On Tuesday, Williams invited the defensive line and linebacking core to meet him in the interior holes in team drills. Rather than try and bounce a play to the perimeter and have a defender take their foot off the gas and pull up, the second-round draft pick from North Carolina seemed to get better with the light contact sustained. After lowering his head and deliberately hitting his running lane, he consistently broke through the pile of offensive lineman and multiple defenders. 

Incumbent RB Melvin Gordon II will be the starter when the Broncos play the New York Giants in Week 1, but I expect the rookie to snag the RB1 job by the end of the season. Part of me wonders whether Gordon is worried about being supplanted based on his high level of play thus far in camp and doing some of the extra things like catching with QBs during downtime. 

Whether Williams starts or not really doesn’t matter, because when this former LB is handed the ball, he’s proving that he’ll make the most out of every rep. So, while everyone argues over which QB will win training camp, it seems like the ground-and-pound days of yore should make a comeback with Denver’s host of RBs.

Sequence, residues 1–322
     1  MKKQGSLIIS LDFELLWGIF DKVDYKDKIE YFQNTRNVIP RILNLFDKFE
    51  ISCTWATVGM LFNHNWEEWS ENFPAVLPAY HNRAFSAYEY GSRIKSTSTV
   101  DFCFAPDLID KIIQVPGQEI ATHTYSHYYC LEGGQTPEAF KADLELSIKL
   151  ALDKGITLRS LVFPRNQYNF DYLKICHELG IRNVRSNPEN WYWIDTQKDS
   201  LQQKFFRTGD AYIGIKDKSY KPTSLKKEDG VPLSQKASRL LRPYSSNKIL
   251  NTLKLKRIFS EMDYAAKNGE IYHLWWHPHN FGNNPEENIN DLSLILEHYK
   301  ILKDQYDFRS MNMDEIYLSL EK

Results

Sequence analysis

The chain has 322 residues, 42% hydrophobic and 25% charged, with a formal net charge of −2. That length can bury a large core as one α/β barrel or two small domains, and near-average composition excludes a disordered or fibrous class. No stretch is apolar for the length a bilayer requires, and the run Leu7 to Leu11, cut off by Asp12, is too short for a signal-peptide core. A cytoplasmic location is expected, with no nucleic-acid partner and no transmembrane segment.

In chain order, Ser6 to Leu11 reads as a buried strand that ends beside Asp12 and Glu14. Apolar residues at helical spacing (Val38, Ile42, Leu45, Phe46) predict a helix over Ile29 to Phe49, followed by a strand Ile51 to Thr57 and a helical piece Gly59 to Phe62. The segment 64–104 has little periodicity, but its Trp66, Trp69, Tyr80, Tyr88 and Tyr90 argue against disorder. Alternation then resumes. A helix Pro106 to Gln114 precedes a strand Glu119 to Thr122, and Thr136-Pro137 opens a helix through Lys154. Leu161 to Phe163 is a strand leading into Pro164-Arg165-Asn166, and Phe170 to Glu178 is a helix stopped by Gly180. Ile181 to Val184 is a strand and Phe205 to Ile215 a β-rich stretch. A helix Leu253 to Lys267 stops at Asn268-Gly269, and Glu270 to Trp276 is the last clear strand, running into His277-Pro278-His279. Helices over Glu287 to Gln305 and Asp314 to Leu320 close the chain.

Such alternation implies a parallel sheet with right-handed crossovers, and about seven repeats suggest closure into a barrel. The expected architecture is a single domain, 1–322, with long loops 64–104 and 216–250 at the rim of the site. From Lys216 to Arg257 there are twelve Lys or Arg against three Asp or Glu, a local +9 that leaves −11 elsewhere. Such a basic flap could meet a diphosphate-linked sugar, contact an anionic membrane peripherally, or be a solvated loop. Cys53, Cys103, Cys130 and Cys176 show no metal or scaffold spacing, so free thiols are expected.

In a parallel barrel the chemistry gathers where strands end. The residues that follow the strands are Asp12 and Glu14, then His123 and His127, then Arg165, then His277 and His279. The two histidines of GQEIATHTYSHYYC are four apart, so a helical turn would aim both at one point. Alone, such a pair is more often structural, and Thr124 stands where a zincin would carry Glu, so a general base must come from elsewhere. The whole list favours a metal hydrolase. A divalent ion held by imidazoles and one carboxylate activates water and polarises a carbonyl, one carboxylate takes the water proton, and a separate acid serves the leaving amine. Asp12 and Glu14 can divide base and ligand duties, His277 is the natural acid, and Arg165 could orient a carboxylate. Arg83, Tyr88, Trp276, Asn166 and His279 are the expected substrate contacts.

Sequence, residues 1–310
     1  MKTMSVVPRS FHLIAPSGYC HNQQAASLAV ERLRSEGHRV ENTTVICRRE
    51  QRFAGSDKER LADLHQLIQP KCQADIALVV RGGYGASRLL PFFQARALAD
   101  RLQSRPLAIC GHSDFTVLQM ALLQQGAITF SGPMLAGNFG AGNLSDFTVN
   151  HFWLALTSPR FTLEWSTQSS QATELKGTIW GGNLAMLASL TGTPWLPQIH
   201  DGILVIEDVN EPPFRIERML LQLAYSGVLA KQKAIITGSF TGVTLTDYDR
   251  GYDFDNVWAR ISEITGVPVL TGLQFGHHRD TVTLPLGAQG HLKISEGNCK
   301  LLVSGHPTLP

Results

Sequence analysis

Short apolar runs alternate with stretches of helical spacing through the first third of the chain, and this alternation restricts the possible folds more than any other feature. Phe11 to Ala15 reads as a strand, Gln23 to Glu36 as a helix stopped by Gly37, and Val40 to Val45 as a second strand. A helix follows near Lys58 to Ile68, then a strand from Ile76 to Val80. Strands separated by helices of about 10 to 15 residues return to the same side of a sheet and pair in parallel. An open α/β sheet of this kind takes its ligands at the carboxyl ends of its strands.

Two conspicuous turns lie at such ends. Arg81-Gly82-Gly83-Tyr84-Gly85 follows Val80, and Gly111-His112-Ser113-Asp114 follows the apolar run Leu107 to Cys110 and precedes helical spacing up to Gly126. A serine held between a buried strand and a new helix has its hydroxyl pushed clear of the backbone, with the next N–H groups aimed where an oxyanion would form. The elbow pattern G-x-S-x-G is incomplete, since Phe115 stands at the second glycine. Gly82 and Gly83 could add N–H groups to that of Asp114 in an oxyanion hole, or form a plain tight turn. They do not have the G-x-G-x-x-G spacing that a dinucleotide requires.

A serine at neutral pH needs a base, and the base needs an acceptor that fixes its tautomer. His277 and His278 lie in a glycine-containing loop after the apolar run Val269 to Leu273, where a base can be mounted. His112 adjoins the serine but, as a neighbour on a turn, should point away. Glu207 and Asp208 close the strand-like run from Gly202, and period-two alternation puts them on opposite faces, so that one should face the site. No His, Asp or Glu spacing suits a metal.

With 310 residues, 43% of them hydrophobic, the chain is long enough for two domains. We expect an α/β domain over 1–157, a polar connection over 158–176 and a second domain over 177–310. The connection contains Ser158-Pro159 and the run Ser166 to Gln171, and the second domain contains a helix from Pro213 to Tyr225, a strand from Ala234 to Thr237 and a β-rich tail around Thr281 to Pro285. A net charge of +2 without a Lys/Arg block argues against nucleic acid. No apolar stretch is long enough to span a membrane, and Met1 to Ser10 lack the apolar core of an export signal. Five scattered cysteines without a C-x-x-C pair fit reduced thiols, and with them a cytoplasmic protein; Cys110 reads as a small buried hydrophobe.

LG Dalton Risner is Leading Front Five in Trenches

Dalton Risner

Broncos Country's favorite went on record this past offseason multiple times describing his dismay at projections and rankings. Risner embraced a “don't talk about it, be about it” mentality, that has without question been on display the first two weeks of Broncos camp. 

One of my first observations featured a familiar and crucial aspect of Risner’s game: communication. He can frequently be observed pointing, checking and talking with LT Garett Bolles on his left side and center Lloyd Cushenberry III on his right. 

While this hardly comes as a surprise to knowledgeable Broncos fans, I noticed a much more deliberate and clean style of communication. At times, I often felt that Risner’s game was limited due to the development of playing next to a rookie center and the extreme makeover transformation that Bolles endured. 

This year, Risner seems to be focusing more on his own assignments, always eager to assist a teammate with a double-team or chip. His pad level is consistently lower than in years past, allowing for a smoother and more productive block from the line of scrimmage.